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U.S. slams Maine student testing


By Beth Quimby

THE U.S. DEPARTMENT of Education says Maine is not complying with federal law because it hasn't shown that the tests measure whether students are achieving established goals.

MAINE HAS 20 DAYS to convince the federal government its tests are adequate or the state Department of Education will lose $113,000 in administrative funding.

Federal officials are threatening to withhold money from the Maine Department of Education for failing to show that its student achievement tests are adequate.

The U.S. Department of Education notified Education Commissioner Susan Gendron on Thursday that Maine was out of compliance with the No Child Left Behind Act of 2001, a sweeping education reform law aimed at holding schools accountable for student performance. Gendron announced the finding Friday.

Federal officials said $113,000 that Gendron's office receives to help administer Title I funding could be withheld and diverted directly to school districts. The federal department is threatening to withhold as much as $500,000 if the state refuses to comply.

A total of $50 million in Title 1 money is sent to Maine school districts to help low-income children with reading and math skills.

Gendron said Friday she is confident that new data being put together by her staff will satisfy federal officials that Maine achievement tests effectively measure student performance. "We believe this additional evidence will change Maine's status," she said.

Gendron questioned whether the states are being reviewed consistently, and said other state education commissioners share her concerns.

Under No Child Left Behind, a state may use any achievement test it chooses as long as it shows that it effectively measures the state's learning standards. Maine has failed to do that and has 20 days to show why the funds should not be withheld.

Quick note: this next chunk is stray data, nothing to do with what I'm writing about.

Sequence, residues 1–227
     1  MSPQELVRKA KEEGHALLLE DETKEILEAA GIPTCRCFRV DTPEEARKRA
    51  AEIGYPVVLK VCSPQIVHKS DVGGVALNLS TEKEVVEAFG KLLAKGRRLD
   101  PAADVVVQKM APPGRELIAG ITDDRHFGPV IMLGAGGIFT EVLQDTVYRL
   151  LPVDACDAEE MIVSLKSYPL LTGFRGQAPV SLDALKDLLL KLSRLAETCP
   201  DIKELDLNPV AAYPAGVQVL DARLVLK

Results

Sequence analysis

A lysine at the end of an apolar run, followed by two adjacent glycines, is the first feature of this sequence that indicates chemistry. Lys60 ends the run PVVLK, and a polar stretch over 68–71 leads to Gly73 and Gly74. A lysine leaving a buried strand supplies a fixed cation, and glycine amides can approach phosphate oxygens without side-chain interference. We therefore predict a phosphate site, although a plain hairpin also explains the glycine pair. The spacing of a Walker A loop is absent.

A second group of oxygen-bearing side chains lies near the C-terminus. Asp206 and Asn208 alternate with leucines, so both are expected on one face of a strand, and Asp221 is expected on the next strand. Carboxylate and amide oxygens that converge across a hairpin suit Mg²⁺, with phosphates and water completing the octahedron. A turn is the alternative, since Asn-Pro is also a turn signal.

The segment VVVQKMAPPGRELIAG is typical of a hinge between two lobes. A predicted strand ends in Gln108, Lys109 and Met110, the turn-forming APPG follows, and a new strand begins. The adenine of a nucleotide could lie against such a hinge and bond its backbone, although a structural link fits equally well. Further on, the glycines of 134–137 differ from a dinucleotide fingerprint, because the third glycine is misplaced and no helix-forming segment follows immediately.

"This is basic stuff," said Michael Sentance, the regional representative for the U.S. education secretary.

The threat of sanctions followed a periodic review of Maine's system of standards and assessments. Federal officials first notified Maine of problems with its system in April. During its last review, in 2003, Maine's system received approval.

Sentance said no other New England state has received a threat of sanctions. It is unclear how many states nationwide have failed to win approval for their assessment systems.

Maine's use of the SAT and its failure to show how the test measures students' achievement is a particular concern, Sentance said.

Maine started administering the SAT, a standardized college entrance examination, to high school juniors this year instead of the Maine Educational Assessment test. The MEA is now given to students in third through eighth grades.

Gendron pushed for the change, claiming it would motivate more students to apply to college and free up more time for instruction. The SAT is a one-day examination, while the MEAs are administered over several days.

Federal officials said that because the SAT does not measure science knowledge, the state must come up with a science test for high school students.

They also faulted the technical quality of tests given to disabled and non-English speaking students, as well as several other parts of Maine's assessment system.

Gendron said she had discussed with federal officials the state's switch to the SAT and received no indication that there would be problems showing federal officials how well the test measures high school achievement.

Maine may use the SAT, Sentance said, as long as it proves the test measures progress toward the state's learning standards. Five states currently use the ACT test, another college entrance test, and have been able to demonstrate how it matches up with their learning standards.

If Maine cannot demonstrate the effectiveness of the SAT as measuring tool, the state must add questions that fairly reflect what Maine students are supposed to know.

"Obviously, there is a cost to that," he said.

Those who criticized the switch to the SAT said this week's federal action shows how ineffective the test is as a measure of achievement. The SAT measures college aptitude, not knowledge, critics say.

Sen. Michael Brennan, D-Portland, introduced a bill earlier this year to delay the switch and to study that issue further. It failed in the Senate by two votes.

"The very concerns I had about the SAT and why I put the bill in have now been raised again in the review by the Department of Education," he said Friday.

Sentance said the $113,000 will be withheld as long as Maine remains out of compliance. He said the Department of Education could increase that amount if Maine refuses to come into compliance.

bquimby@pressherald.com


— Beth Quimby
Portland Press Herald
2006-07-01


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